Mount Rainier’s Joni the wolverine has triplets

It’s highly unusual for wolverines to have back-to-back litters like Joni does, which means Mount Rainier is a great habitat

Joni the wolverine continues to thrive in Mount Rainier National Park and her family just keeps growing.

Last month, the Hood River, OR-based Cascades Carnivore Project spotted Joni with three new kids while they were traversing just outside the park’s boundaries.

This brings Joni’s total count to nine — not quite to the level of a “100 Baby Challenges” Sims video game run, but it’s certainly an impressive achievement in its own right, because wolverines don’t often have litter after litter like this, according to Jocelyn Akins, founder of the Cascades Carnivore Project.

This means that Joni’s, let’s say, “regular nocturnal activities” with her partner Van means Mount Rainier is primo habitat, which can spell success for bringing wolverines back to Washington. There is very little research on wolverine reproductive success over the long-term.

“That is what is unique about our research. We have been monitoring the recolonization of wolverines into southern Washington each year since 2008,” Akins said in a recent email interview. “Her success says the habitat is very good for wolverines at Mt. Rainier National Park. Wolverine reproduction is tightly tied to food availability during winter. Its pretty rare to reproduce year in year out.”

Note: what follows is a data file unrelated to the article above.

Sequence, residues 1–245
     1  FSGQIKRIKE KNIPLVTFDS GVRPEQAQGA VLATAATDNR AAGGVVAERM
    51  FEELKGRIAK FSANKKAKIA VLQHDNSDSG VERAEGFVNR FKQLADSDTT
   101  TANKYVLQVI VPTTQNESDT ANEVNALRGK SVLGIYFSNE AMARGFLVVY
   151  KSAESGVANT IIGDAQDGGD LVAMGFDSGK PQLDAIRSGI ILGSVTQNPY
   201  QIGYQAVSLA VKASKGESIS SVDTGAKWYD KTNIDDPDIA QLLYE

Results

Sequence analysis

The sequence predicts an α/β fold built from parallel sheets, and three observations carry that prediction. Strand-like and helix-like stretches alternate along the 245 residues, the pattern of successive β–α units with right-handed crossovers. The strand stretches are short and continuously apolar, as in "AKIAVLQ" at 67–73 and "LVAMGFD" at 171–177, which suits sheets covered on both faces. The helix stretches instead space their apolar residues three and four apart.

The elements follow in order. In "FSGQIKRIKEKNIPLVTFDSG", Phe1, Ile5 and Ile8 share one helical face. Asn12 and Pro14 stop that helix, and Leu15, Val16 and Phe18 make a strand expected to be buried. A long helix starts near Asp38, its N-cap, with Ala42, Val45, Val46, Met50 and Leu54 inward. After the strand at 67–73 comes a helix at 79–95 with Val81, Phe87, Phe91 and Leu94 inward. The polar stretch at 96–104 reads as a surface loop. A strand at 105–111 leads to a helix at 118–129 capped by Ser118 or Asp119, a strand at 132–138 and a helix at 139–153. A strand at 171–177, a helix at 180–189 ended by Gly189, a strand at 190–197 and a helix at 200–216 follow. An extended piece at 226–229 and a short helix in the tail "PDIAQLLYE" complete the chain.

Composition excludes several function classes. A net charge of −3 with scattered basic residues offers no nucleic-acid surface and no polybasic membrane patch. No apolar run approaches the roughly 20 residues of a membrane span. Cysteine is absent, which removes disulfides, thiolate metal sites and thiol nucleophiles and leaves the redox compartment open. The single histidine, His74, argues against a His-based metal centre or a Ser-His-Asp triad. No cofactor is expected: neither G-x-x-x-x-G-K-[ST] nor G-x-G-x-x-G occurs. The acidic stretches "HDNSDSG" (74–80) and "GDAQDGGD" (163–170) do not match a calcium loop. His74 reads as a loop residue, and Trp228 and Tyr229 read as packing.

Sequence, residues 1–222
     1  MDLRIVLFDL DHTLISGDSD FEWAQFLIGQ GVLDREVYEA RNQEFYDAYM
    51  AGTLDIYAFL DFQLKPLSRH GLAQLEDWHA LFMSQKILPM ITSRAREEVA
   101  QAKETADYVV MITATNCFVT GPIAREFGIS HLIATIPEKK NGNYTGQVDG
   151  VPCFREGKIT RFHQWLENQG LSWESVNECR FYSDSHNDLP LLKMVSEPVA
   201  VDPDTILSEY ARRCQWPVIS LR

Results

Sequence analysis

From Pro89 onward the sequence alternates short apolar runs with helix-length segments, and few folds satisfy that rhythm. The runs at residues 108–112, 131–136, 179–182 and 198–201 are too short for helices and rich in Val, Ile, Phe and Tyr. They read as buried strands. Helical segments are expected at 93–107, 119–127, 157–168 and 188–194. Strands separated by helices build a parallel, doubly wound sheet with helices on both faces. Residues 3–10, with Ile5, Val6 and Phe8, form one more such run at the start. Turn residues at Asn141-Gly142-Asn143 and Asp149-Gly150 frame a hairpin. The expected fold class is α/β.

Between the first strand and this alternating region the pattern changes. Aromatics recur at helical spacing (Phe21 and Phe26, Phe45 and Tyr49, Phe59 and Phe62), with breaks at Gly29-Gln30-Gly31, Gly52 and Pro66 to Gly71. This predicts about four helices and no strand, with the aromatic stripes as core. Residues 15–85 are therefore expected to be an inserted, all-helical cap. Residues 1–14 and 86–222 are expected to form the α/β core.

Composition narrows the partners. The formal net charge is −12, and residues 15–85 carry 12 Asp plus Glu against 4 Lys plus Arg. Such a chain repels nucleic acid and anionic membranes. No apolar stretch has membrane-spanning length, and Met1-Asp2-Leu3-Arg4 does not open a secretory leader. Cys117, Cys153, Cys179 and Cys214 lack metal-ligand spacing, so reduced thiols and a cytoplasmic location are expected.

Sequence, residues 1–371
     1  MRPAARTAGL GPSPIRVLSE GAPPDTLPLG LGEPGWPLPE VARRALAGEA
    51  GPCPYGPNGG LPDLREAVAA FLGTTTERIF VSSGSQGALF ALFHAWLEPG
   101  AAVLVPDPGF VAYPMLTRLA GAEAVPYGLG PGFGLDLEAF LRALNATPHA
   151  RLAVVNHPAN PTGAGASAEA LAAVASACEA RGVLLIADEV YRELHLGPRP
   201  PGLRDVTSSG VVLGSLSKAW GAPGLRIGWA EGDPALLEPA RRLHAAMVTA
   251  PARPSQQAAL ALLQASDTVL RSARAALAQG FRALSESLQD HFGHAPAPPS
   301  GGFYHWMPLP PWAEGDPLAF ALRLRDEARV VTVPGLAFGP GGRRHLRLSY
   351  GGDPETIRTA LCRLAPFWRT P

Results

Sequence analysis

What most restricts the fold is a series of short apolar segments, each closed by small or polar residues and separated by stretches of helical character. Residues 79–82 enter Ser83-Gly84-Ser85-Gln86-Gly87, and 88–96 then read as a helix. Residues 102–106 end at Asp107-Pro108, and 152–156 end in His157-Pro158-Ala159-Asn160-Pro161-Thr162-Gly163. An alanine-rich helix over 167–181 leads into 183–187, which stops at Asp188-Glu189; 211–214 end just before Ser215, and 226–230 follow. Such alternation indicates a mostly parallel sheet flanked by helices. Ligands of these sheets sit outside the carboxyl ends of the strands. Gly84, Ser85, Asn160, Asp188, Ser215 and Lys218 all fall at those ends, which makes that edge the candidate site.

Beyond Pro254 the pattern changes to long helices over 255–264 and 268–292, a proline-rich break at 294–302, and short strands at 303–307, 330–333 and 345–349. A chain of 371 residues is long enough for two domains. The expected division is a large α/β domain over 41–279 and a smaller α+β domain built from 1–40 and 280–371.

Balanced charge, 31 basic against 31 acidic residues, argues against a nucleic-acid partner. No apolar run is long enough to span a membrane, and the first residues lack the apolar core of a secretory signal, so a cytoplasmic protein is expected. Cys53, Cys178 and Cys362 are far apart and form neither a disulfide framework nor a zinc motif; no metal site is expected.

Wolverines became locally extinct in the state (or extirpated — there’s your word of the day) in the 1920s in part due to unregulated trapping, shooting, and poisoning. Known to be notoriously difficult to track down because they live high up in mountain ranges year-round and have vast territories, Akins says there’s no real way to know how many wolverines live in the lower 48 states.

While the local wolverine population mostly lives in the North Cascades, some have chosen to move south. One wolverine was spotted on Mount Adams in 2006, which inspired Akins to start the Cascades Carnivore Project to study how wolverines and other rare predators survive in the state.

Another wolverine, Pepper, was spotted in the William O. Douglas Wilderness in 2016. She successfully had kids in 2019, making her the first wolverine to do so in the South Cascades in decades.

Joni — named for the singer-songwriter Joni Mitchell — is the first wolverine to make Mount Rainier a home in over 100 years. She was first found in 2019 and was confirmed to be female a year later.

Pepper and Joni’s kits were half-siblings, as Van was the father in both cases.

The Cascade Carnivore Project team will continue checking in on Joni and her kits to see if her triplets survived the critical first months of their lives. The team will also continue to monitor the small and growing South Cascades wolverine population in the hopes of new individuals arriving, possibly from the north, as they work to understand what is needed for wolverines to regain their foothold in the Cascades.